Tuesday, May 13, 2014
Remembering H.R. Giger
Most people know Giger from his work on creating the insanely terrifying xenomorph in the Aliens trilogy of films. He also did a huge amount of work on the doomed Dune adaptation that Alejandro Jodorowsky tried so hard to make during the 70s. Giger was also a hugely influential artist and sculpture. Despite having a difficult time working with Hollywood, he earned an Academy Award in Visual Effects for his startling, groundbreaking work on Ridley Scott's Alien.
Born in Switzerland, Giger suffered from intense night terrors all his life that heavily influenced his work. His style was something he dubbed "biomechanical", an alluring and upsetting mix of flesh and machines that became his hallmark. He used mostly airbrushing to work on canvas, effortlessly evoking scenes of horror with this difficult medium. His sculptures became the stuff of legend. As someone who was lucky enough to randomly see a xenomorph prototype in a random museum exhibit, I can tell you that it was beyond terrifying. The detail and work put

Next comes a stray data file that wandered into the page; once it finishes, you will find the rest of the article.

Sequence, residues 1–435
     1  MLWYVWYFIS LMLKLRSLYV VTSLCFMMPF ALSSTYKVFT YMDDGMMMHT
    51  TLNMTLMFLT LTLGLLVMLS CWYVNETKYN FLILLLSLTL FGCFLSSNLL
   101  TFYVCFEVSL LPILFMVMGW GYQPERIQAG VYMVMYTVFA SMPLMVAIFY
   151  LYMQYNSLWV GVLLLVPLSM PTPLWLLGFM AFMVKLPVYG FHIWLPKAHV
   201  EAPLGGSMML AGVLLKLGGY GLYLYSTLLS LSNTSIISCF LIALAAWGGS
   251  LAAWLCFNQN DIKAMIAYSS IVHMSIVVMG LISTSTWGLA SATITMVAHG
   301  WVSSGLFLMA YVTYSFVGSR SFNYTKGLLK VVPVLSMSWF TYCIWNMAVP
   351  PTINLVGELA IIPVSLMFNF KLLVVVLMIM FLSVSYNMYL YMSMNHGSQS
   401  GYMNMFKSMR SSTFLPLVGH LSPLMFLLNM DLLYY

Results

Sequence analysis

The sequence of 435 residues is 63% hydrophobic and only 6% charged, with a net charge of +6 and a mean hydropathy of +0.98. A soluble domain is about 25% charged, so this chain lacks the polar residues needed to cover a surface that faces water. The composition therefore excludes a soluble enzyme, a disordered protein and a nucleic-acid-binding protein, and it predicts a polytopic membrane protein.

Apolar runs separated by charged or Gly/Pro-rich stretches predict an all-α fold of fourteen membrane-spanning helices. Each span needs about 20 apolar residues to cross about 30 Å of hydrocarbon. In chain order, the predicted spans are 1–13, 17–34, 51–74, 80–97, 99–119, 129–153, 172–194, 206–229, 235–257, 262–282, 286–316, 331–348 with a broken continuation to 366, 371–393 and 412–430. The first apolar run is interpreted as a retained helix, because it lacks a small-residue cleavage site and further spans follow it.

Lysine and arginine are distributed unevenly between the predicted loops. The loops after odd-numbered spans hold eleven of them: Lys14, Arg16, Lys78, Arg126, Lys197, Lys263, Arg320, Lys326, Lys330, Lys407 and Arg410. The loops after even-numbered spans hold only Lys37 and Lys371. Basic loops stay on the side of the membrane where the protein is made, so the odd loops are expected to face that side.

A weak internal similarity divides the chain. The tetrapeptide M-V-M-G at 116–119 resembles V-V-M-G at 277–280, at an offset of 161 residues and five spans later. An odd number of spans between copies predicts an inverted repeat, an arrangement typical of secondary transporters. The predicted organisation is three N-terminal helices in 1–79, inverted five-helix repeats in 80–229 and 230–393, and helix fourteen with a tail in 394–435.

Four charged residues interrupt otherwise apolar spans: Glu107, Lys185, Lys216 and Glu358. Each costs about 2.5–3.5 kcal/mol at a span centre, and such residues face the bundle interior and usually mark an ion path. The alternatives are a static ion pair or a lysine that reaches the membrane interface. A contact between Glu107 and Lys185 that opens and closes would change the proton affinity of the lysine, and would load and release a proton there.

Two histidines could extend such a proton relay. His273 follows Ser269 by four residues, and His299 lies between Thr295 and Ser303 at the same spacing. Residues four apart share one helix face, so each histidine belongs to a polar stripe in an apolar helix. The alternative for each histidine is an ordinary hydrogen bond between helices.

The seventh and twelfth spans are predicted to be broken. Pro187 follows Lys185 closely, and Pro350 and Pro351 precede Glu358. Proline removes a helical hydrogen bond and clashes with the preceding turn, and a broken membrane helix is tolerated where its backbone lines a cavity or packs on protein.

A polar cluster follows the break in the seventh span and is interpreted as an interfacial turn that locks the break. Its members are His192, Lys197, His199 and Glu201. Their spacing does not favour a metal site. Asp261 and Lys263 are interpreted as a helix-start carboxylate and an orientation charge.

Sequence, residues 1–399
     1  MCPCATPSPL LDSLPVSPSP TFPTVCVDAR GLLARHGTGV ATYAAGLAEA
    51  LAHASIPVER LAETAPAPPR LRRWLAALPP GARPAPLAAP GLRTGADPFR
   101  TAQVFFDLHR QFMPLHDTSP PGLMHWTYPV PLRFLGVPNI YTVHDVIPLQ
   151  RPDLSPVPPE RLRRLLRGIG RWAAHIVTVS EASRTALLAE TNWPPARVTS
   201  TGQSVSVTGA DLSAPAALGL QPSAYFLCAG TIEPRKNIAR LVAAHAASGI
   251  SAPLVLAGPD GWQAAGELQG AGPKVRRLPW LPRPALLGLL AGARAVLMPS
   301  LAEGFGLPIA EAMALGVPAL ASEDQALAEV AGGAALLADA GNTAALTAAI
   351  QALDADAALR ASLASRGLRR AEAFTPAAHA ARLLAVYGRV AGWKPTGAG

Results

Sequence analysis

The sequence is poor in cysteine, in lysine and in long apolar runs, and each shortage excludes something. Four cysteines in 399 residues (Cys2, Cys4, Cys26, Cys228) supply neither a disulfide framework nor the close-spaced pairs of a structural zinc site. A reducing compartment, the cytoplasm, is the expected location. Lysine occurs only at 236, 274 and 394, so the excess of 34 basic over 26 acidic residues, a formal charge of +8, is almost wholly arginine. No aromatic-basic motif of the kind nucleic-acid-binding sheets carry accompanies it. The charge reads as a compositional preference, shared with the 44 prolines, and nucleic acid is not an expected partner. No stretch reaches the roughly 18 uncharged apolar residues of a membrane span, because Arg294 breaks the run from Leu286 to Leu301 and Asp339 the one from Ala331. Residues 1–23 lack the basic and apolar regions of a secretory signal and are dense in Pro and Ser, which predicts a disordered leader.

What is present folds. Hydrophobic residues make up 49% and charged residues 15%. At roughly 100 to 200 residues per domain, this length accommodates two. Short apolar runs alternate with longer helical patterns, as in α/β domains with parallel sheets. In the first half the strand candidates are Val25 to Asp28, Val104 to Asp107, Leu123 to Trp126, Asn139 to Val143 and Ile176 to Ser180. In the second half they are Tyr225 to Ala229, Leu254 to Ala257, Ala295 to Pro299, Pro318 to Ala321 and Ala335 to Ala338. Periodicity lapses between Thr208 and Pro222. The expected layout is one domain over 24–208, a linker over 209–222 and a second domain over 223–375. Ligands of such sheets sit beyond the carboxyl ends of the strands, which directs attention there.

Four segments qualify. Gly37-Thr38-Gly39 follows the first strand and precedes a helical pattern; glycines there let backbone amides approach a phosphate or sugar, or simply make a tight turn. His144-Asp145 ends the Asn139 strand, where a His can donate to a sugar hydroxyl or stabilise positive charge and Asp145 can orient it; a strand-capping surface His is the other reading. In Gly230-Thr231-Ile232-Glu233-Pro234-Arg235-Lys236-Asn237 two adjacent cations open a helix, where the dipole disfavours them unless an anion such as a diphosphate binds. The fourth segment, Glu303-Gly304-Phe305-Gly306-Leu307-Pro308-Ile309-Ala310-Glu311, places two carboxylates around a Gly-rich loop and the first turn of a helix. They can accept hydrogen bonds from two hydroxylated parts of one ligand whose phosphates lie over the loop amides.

into just even the prototype was enough to rob any sane person of a night's sleep. It looks ready to leap up and tear you to pieces. His paintings are equally as visceral and you can almost feel the humid heat of an exhaust or hear the unnatural slither of alien creatures when you look at them. There are even H.R. Giger bars in Switzerland that he lent his style to that look like nightclubs from Hell.